Posted on Thursday 19th September 2013
As British and American policy makers look to high-tech manufacturing to boost their economies, the University of Birmingham’s Institute of Advanced Studies’ distinguished visiting fellow, Professor Susan Christopherson, is set to warn against moves that could inhibit the recovery.
The leading professor of city and regional planning from Cornell University will deliver a public lecture as part of her work on the Institute’s theme: ‘Regeneration Economies’ on Tuesday 24th September 2013.
In it, Prof Christopherson will discuss factors encouraging a more robust manufacturing sector in the US and UK and how the dominance of financial motives and incentives - “financialization” - inhibits the potential for rebalancing.
The lecture, entitled: “Advanced manufacturing and rebalancing the UK and US economies: What role does financialization play?” will be held 4.30pm-5.30pm at the Barber Institute Lecture Theatre, University of Birmingham.
Professor Christopherson said of her work: “There is recognition in both the US and UK that manufacturing matters, not only because of the jobs it creates but also because of its stimulus to innovation and its contribution to exports. National and regional policy makers are taking a new look at manufacturing and attempting to lure more production firms. We need to understand both sides of the new manufacturing equation: what factors are prompting firms to take another look at UK and US locations and can our economies provide the finance, labour force, and research that firms are seeking?"
Those wishing to attend the lecture should email firstname.lastname@example.org
For more information please contact Deborah Walker, PR Manager for Policy and Social Affairs, University of Birmingham on 0121 414 9041 or 07776 465138 or email email@example.com Out of Hours please call 07789 921165 or email firstname.lastname@example.org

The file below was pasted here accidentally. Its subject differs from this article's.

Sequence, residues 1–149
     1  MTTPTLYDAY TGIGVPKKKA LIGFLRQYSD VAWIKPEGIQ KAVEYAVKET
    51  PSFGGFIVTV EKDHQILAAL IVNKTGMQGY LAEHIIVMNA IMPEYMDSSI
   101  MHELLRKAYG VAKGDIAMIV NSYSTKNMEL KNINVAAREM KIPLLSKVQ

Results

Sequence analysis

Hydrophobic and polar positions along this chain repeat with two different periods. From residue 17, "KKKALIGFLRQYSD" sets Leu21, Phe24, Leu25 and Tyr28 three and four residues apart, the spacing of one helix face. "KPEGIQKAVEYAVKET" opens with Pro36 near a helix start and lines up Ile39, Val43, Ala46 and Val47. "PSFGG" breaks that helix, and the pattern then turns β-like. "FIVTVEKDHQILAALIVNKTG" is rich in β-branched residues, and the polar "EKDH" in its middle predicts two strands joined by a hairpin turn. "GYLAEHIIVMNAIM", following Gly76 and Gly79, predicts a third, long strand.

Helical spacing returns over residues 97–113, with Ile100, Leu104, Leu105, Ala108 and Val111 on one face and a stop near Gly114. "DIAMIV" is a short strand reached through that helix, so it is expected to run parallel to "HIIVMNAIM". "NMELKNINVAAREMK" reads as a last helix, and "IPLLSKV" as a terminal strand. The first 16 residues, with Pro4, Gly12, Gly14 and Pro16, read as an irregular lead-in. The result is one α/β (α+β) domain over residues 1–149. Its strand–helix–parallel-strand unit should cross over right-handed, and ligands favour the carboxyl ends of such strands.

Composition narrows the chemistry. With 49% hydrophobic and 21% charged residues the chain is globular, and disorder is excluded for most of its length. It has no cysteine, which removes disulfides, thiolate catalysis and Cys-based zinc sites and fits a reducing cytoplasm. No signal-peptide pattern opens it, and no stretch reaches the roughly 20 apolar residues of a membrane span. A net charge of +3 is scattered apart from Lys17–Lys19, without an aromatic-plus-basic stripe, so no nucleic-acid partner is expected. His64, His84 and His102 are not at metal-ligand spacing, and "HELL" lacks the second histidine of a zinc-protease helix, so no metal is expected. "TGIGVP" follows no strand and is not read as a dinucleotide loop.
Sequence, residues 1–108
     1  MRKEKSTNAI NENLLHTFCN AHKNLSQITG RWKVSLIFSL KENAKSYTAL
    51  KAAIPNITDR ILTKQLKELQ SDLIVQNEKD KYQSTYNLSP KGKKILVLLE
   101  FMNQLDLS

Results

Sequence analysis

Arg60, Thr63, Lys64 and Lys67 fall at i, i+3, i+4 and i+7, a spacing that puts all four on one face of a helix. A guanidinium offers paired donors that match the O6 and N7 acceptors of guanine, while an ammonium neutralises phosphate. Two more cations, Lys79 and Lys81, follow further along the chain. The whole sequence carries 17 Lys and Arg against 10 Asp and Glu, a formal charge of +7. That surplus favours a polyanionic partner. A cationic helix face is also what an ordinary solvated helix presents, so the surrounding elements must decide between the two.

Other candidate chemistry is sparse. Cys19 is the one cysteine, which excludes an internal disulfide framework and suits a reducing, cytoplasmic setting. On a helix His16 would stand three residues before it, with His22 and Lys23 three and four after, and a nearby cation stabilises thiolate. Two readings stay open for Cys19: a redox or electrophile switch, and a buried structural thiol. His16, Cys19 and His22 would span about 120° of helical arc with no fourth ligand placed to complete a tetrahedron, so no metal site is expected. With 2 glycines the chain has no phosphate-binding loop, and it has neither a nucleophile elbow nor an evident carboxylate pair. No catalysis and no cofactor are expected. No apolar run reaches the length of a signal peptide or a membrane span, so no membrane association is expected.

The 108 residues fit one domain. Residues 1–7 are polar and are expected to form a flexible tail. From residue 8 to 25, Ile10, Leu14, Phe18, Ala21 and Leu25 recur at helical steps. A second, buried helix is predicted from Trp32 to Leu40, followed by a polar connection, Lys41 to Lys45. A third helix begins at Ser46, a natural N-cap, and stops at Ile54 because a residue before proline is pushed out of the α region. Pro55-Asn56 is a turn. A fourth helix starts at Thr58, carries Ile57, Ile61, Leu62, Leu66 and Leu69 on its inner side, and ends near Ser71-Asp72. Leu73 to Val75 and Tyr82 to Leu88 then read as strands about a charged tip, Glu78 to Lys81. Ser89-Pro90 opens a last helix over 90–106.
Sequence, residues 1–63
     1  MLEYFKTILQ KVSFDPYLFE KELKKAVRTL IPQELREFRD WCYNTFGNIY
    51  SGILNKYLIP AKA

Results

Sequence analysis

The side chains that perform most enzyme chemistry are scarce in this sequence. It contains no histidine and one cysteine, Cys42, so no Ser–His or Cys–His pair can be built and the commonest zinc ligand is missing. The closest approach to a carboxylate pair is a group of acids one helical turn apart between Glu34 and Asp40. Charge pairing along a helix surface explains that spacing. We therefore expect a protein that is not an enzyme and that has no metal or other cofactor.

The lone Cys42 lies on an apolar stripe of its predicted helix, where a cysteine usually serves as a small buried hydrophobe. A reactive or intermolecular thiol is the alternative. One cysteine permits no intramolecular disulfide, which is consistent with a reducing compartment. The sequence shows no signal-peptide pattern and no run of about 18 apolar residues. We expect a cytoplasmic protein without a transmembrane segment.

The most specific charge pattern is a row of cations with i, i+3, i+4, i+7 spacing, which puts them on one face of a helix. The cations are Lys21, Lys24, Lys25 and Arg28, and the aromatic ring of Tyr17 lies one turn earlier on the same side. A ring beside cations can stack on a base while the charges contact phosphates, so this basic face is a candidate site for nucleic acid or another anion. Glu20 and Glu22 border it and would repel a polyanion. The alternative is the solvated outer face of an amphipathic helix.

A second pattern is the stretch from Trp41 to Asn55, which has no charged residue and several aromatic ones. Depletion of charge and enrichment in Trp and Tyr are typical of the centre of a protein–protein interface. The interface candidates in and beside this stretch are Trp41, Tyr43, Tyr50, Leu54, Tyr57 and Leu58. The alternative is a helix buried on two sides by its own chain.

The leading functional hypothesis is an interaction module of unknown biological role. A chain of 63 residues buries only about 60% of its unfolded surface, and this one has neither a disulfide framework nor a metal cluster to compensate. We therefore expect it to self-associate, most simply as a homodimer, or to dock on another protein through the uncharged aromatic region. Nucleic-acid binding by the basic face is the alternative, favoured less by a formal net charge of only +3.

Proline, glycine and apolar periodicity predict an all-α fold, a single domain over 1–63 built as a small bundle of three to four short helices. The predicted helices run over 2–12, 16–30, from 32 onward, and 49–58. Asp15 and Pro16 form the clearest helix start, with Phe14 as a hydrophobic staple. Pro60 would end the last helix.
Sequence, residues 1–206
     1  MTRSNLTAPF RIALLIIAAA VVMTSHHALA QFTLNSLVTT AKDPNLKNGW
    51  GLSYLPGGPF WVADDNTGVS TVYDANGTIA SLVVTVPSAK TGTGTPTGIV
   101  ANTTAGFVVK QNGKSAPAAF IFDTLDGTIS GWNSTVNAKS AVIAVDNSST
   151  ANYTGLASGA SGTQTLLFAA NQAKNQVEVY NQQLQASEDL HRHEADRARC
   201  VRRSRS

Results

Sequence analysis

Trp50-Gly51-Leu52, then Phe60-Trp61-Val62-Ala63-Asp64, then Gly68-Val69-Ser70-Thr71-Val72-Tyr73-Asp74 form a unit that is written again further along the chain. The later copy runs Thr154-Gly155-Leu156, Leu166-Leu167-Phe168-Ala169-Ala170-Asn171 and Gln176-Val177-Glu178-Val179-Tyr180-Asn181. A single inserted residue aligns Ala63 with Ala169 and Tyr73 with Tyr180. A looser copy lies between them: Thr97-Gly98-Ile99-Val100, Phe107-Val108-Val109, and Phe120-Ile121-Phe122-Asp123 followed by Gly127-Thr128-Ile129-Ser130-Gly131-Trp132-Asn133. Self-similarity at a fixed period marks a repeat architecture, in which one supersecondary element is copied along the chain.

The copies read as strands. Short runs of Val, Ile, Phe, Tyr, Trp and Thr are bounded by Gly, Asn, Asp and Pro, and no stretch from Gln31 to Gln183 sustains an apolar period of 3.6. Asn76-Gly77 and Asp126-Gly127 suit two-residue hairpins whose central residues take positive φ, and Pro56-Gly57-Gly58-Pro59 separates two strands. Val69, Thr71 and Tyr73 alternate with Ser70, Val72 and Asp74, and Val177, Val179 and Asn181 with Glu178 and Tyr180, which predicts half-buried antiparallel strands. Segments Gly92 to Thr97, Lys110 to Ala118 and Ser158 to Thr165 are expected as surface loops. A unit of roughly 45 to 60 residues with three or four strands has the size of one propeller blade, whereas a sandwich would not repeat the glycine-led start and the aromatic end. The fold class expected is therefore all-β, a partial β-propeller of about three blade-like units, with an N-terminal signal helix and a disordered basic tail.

Notes to Editors
1. Susan Christopherson is an economic geographer whose research and teaching focuses on economic development, urban labour markets, and location patterns in service industries, particularly the media industries.
In the past three years she has completed studies on advanced manufacturing in New York’s Southern Tier, the photonics industry in Rochester, the role of universities and colleges in revitalising the upstate New York economy, and production trends affecting media industries in New York City.
Her current projects include studies of phoenix industries in old industrial regions and a comprehensive economic impact analysis of natural gas drilling in the Marcellus Shale in New York and Pennsylvania.
2. The University of Birmingham’s Institute of Advanced Studies (IAS) aims to promote interdisciplinary research by combining expertise from across the breadth of the University to address major cross-cutting themes that are important, relevant and timely.